Use this beginner’s guide to trail running to safely go off road with your fitness.
Endurance sports, especially running, are more popular now than ever. Did you know that since 1995, the number of runners who complete marathons annually has more than doubled? As the roads and races become more crowded with runners, more of us are turning to the trails and the solitude, challenges, adventures and benefits that come with them.
If you’re new to trail running, keep in mind that for the most part, trail running is just like road running only on different terrain. There are a few major differences, and several best practices to address before hitting the trail.
Before you lace up
Trail running is defined as running on any non-paved surface. That could mean rugged mountain singletrack, or it could simply be a crushed gravel path, a smooth dirt road or a wide horse trail. By broadening the definition, most runners are able to find trails near their homes and embrace smoother, less intimidating options to get started.
Trail running offers a number of physical benefits — most notably, injury prevention. Running injuries are caused by the repetitive strain of muscles from repeating the exact same stride, or gait, mile after mile. Terrain found on trails is less predictable and more uneven than that on the road. Even the slightest bump or divot in the trail forces an adjustment to your stride. Those adjustments strengthen new muscles, reduce the repetitiveness and protect against many common running injuries.
Do you need new gear?
The first thing you need to know about trail-running gear is that you don’t need specific gear to get started. If trail running becomes a big part of your training, however, new gear will prove to be useful.
Your main piece of gear should be a running shoe designed for more rugged terrain. Trail shoes have more aggressive lugs on the bottom, to grip the dirt, mud and slick rocks, and a tougher upper to withstand those same elements. Many also feature a layer of flexible rock plate beneath the insole to protect your feet against sharp rocks or sticks.
Other gear commonly used by trail runners are hydration packs or handheld water bottles.
When it comes to how you run on trails vs. the road, the biggest adjustment you should make is to slow down. Run for time, not mileage.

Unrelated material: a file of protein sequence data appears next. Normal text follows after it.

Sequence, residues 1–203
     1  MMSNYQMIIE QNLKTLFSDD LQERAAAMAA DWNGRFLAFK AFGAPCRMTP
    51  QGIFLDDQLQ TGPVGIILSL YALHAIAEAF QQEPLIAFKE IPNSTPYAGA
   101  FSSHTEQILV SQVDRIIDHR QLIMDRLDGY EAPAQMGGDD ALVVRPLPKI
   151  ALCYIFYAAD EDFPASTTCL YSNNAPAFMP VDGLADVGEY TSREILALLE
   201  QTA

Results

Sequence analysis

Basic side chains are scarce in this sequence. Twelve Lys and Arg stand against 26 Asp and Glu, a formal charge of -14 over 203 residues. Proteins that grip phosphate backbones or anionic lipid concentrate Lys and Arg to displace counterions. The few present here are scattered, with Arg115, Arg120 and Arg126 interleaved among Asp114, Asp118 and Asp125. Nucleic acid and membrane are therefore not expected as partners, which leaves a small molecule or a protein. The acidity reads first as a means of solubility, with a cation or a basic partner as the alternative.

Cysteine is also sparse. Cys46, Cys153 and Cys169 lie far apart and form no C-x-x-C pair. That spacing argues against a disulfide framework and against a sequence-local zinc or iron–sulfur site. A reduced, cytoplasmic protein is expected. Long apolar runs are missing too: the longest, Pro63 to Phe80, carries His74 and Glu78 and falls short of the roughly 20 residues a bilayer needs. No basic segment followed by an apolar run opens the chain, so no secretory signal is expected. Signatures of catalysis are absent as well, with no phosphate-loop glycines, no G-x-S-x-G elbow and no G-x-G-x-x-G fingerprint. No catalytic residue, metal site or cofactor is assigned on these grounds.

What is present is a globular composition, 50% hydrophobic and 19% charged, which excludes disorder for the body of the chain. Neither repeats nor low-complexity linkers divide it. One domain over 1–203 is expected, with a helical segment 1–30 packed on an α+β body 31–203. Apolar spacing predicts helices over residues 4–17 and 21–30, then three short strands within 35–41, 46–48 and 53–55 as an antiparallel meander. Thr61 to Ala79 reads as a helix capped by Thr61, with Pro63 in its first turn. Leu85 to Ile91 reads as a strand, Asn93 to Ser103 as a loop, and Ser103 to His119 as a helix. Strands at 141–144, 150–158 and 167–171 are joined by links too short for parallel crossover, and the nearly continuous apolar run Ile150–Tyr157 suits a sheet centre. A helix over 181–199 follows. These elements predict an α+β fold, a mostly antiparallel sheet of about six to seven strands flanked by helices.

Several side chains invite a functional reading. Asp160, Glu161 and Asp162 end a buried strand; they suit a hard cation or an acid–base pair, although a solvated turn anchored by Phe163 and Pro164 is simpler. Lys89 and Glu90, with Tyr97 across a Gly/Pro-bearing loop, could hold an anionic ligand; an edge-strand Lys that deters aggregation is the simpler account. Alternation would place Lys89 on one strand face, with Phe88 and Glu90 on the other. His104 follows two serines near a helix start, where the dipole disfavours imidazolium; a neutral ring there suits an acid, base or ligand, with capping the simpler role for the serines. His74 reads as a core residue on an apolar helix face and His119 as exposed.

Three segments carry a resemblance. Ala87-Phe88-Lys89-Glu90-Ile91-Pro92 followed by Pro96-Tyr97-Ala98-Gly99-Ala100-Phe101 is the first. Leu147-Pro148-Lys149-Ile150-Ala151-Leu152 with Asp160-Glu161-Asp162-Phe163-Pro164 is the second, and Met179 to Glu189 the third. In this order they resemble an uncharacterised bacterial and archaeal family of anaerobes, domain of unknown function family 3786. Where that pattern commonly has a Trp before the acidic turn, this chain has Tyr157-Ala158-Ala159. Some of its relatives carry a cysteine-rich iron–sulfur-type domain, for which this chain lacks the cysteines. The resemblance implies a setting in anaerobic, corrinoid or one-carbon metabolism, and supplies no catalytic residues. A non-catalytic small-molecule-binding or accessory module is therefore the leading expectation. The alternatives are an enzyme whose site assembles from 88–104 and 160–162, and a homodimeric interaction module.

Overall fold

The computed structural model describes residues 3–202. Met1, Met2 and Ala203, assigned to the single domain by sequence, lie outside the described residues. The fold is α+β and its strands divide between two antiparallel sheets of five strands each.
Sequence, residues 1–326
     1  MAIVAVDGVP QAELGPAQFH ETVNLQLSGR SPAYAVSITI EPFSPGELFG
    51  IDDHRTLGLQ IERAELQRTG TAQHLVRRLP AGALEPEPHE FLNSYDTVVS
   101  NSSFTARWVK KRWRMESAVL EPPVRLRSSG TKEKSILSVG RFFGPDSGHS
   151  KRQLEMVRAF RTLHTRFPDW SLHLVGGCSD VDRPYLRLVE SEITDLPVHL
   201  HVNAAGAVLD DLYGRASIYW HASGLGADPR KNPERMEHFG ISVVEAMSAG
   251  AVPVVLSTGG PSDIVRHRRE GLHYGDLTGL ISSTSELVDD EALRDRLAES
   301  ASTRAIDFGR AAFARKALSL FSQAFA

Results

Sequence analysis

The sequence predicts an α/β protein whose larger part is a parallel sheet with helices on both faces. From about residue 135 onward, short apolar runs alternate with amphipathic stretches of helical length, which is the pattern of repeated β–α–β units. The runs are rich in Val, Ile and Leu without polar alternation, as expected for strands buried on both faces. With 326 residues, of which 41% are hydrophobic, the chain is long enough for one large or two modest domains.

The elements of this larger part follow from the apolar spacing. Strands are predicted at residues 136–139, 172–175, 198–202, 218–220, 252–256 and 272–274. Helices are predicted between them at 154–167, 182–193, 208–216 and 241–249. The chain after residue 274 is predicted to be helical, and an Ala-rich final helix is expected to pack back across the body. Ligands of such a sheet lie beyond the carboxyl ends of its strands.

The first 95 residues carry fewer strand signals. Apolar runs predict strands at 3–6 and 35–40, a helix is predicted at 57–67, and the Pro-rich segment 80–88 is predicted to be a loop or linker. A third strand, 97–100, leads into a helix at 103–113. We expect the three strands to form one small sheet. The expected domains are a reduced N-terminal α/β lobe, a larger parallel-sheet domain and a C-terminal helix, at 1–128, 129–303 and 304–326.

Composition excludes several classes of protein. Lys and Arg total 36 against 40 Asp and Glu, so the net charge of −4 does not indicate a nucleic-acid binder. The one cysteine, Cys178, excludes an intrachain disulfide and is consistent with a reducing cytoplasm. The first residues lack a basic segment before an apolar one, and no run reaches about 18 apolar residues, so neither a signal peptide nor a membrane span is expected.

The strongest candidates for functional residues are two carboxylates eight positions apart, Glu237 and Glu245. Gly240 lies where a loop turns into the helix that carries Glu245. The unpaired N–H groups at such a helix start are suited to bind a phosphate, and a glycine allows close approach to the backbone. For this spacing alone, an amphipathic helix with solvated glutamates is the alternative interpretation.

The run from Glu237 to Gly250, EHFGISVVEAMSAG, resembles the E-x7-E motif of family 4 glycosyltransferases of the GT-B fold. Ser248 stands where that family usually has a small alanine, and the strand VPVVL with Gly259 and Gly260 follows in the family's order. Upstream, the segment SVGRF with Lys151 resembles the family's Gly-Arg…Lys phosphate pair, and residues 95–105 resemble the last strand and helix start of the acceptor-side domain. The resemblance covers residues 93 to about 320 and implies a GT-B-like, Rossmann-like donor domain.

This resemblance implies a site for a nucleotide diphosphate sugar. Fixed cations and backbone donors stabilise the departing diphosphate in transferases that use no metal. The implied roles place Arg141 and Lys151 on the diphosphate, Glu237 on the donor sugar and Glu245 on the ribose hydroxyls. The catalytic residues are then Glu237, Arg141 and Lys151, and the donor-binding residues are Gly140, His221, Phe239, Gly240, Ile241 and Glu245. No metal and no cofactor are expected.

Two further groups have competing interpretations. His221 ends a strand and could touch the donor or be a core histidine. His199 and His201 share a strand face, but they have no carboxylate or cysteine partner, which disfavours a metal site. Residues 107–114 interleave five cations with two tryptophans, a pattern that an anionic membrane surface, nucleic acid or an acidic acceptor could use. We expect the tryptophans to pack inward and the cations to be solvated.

For example, if you have a five-mile road run planned, which typically takes you 45 minutes, run the trails for 45 minutes, regardless of the distance. Maybe you will only cover four miles, and that’s perfectly acceptable.
The terrain dictates the pace, and no trail is equal to the next. The best way to accommodate this variation in the beginning is to set mileage completely aside. The workout benefits will be similar.
Adjust your stride
Just as the terrain dictates the pace, it should also dictate your stride. On a smoothly paved surface, runners are free to lock in long, even strides. Do that on a technical, or rugged trail, and you risk tripping, twisting an ankle, or seriously injuring yourself.
When running trails, shorten your stride to quick, choppy steps. Lift the knees higher than you would normally, and focus on landing on your midfoot. This limits the risk of tripping, and when you do catch your toe, another foot will be right there to keep you from crashing to the ground.
Roads are designed for cars, which automatically limits their degree of steepness. There are no such limits on the trail. Hills are often steeper and more frequent on a trail.
Attack hills with caution, even power-hiking your way up the steepest parts if needed. Believe it or not, power hiking is often more efficient and better in the long run than running — a lesson most new trail runners learn the hard way.
When running downhill, focus on staying light on your feet and leaning forward, and let gravity do the work. Quick leg turnover and light foot placements will keep you stable and upright. Let your arms float out and flap slowly for extra balance.
As with running on other surfaces, trail runners should put safety first. Hands down, the best thing you can do is to run with someone else. The buddy system never fails.
If you’re unable to find someone to spend a few miles in the woods with you, here are a few things you should keep in mind:
- Tell someone where you’re going and when you expect to return.
- Always know where you’re going, or bring the appropriate maps to lead the way.
- Carry a cell phone in case something happens or you get lost.
- Bring a little extra water or nutrition than you think you will need, just in case.
Don’t let fear hold you back
It’s no secret that the differences and unknowns of trail running often hold runners back from hitting the dirt. Start small — in a local park, with a friend, or along a well-used hiking trail — and embrace the differences as part of the excitement.
Trail running is thrilling. It’s a never-ending adventure that opens doors to new races, new locations and new challenges, and it’s also a great way to get a unique workout.
View a list of scenic trails that are worth checking out here.
Doug Hay is a trail and ultra runner, coach and the founder of the training site Rock Creek Runner.